• The first quality is an insatiable desire for the treasure of the kingdom of God, which is basically an unquenchable thirst for God. In the Sermon on the Mount, Jesus told us, “Where your treasure is, there will your heart be also” (Mt 6:21). He told us in that same Sermon that many of us seek to “store up for [ourselves] treasures on earth, where moth and rust destroy and where thieves break in and steal,” but he wanted us to “store up for [ourselves] treasures in heaven,” a treasure not measured in clothing that moths can wreck, metals that rust can corrode, or money that thieves or taxes can take. Jesus is telling us that our heart must be set on God, and not just in general, but set on him more that George Sr.’s heart was set on finding oil, more than Tom Brady wants to win another Super Bowl, more than an ambitious politician seeks to win high office, and more than a man in love will do everything he can to win over and marry the woman he can’t stop thinking about. Do we have that hunger? Do we value God most of all in life or do we value other things more than God?
  • The second is a recognition of where the treasure of the kingdom can be found. George, Sr., drove up and down the roads of East Texas and walked up and down creek beds looking or oil-bearing formations. Where do we need to go to the places that will form us in the kingdom? What is the path to true union with God in the kingdom? Are we actively searching for that path or are we staying where we are in a “great depression” or our own, waiting for something to fall in our lap? The merchant in the parable knew the places he needed to go, and so he visited the shops and markets where pearls would be sold. The farmer wasn’t so much searching for a buried treasure, but what he discovered it in the middle of his workday tilling new parts of the property that had not yet been farmed for the landowner, he knew what to do. What about us? If we really wanted to grow rich in God’s kingdom, where would we go? What would we do? What are the places we can strike the oil of the kingdom or find its true gold? Our task is much simpler than George, Sr.’s. We know where we find God. We find him in personal prayer, we find him in the Sacraments — especially those we can, and he wants us to, receive him again and again, the sacraments whereby he forgives us and feeds us. We can find him speaking to us in Sacred Scripture. We find him radiantly shining in the lives and writings of the saints. We find him living within us in the truly Christian moral life — in the virtues of justice, prudence, temperance, courage, chastity, honesty, and compassion. We can find him in the loving service of our neighbor, since every time we care for someone who is hungry, thirsty, naked, a stranger, ill, imprisoned or otherwise in need, Jesus tells us that we, through them, are caring for him.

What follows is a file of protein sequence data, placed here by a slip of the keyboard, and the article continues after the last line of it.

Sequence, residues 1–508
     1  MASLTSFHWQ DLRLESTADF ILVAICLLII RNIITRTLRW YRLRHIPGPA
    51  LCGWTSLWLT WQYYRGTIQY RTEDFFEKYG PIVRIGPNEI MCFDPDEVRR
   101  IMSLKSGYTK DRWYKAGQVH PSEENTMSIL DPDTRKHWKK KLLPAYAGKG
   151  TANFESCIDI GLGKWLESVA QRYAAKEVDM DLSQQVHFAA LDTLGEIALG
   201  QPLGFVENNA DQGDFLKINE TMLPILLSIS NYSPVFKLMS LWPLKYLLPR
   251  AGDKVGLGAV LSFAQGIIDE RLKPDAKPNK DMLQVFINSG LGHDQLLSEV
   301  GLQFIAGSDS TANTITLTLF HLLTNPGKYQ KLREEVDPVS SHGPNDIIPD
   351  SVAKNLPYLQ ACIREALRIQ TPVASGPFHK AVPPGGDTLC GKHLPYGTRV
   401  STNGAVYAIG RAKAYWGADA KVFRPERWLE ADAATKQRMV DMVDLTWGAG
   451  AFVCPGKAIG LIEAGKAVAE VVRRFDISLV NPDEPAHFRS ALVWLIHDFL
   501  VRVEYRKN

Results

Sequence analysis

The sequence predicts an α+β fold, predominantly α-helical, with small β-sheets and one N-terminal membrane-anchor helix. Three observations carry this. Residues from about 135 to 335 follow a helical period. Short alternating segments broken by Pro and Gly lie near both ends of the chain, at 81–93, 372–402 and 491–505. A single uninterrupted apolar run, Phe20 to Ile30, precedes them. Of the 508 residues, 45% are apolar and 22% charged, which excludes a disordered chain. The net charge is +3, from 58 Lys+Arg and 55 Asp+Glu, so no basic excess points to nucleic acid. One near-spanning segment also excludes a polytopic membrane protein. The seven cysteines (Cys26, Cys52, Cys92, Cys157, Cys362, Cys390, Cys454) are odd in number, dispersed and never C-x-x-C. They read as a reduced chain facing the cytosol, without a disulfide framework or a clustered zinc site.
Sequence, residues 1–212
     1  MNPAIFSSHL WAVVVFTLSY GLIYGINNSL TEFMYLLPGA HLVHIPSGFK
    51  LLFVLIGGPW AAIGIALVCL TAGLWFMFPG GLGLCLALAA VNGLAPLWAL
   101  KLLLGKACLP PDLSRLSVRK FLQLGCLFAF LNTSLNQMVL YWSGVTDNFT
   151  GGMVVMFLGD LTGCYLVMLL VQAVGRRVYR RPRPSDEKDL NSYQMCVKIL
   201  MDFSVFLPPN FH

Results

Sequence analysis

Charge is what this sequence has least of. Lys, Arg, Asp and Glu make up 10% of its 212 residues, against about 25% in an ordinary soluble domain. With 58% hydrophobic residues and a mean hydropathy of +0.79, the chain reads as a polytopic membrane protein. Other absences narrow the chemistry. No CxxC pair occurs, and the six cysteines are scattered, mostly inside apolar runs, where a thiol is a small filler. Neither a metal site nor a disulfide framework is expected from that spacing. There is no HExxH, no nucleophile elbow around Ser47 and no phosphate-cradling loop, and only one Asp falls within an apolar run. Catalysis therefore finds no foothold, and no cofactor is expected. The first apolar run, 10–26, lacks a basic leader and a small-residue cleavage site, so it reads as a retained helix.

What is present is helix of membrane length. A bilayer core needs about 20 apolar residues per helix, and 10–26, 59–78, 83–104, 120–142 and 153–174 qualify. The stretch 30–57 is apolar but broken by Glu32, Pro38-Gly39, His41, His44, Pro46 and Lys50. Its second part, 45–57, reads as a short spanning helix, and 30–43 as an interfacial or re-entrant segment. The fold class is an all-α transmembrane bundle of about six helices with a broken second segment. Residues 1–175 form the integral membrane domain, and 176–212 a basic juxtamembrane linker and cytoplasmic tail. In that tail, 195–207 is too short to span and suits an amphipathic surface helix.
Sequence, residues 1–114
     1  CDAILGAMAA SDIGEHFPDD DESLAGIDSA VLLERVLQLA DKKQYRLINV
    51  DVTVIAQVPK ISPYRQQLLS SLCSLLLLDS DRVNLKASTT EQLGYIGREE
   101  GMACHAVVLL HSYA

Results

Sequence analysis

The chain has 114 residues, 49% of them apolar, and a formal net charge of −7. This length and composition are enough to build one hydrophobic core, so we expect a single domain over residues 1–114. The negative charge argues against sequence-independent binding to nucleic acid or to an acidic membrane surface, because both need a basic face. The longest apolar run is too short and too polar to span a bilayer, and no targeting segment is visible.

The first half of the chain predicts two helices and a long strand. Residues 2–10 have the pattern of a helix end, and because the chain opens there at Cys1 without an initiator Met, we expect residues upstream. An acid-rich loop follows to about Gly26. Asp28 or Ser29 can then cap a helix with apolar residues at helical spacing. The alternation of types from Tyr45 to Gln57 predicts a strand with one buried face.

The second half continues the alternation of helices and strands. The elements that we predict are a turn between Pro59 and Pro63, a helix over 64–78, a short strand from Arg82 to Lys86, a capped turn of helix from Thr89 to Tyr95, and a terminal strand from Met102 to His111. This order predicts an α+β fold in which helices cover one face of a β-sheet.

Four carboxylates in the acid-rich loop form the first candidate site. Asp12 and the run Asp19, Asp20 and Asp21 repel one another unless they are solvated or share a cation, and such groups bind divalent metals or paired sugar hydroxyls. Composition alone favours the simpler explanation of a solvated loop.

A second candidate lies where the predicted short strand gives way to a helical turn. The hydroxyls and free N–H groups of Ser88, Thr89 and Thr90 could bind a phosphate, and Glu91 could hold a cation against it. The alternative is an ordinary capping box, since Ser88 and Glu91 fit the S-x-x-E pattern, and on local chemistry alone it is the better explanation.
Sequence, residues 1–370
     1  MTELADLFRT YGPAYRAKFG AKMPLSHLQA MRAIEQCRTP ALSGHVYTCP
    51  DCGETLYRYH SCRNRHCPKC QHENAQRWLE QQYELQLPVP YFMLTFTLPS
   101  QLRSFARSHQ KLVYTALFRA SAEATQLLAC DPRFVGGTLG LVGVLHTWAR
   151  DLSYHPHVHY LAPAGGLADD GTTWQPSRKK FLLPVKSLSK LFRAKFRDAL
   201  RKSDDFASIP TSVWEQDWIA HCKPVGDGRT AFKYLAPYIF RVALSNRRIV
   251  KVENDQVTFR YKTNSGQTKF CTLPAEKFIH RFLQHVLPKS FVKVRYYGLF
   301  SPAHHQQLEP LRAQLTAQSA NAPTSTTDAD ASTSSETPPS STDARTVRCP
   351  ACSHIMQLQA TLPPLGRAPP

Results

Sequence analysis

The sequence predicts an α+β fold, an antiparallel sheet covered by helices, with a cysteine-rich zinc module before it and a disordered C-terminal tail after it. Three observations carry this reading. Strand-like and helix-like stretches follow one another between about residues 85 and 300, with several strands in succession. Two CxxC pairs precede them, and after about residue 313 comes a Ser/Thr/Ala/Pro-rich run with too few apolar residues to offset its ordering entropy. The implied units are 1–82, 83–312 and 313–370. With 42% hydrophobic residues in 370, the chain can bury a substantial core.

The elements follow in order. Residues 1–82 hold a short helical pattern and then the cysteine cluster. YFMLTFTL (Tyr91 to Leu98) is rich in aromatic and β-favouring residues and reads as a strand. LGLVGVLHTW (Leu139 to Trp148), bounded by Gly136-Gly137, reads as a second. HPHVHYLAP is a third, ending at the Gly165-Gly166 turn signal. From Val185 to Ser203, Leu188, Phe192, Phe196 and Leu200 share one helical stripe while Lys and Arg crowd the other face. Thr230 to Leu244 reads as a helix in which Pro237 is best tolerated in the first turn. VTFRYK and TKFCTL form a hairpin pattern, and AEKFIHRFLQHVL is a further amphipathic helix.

• But in order for us to find God there, we first need to grasp that each of the things I just named is a treasure, because whenever we don’t think that what we’re dealing with is a treasure, it’s going to be almost impossible for us to find God there. Do we realize, for example, that the Sacrament of Confession, is a treasure that enriches us with the precious gift of God’s mercy and makes us rich in sharing it with others? Do we grasp that the commandments and the moral law God gives us is not a moral straightjacket but a treasure, such that we really mean what we sing in the Psalms, “Lord, I love your commands!?” Do we see that caring for a sick loved one, or helping a stranger, is a real treasure? Do we recognize that living according to God’s commands is the real treasure, rather than living seeking the counterfeit gold of a life of flesh? Do we see that Eucharistic Adoration is a treasure and that we’re silly not to take advantage of it, sillier than a person with a winning Mass Millions lottery ticket would be not to cash it in? Are we truly aware that Mass is a treasure, in fact the greatest earthly treasure of all, and the wisest investment of our time we could ever make? The second virtue we need is precisely to know what the treasure is and where it can be found.
  • The third virtue needed is the capacity to sacrifice to obtain that treasure. The rich pearl hunter and the poor hardworking peasant sold all they had to obtain the pearl and field, respectively. George, Sr., sold all he had to buy the property with the surface formations that seemed to indicate oil below. Likewise, we need to do more than hunger for the kingdom and recognize where we can find it; we also need to be willing to make the sacrifices necessary to seize it. And we need to see that when we recognize what we’re getting rather than giving up, we do so “with joy.”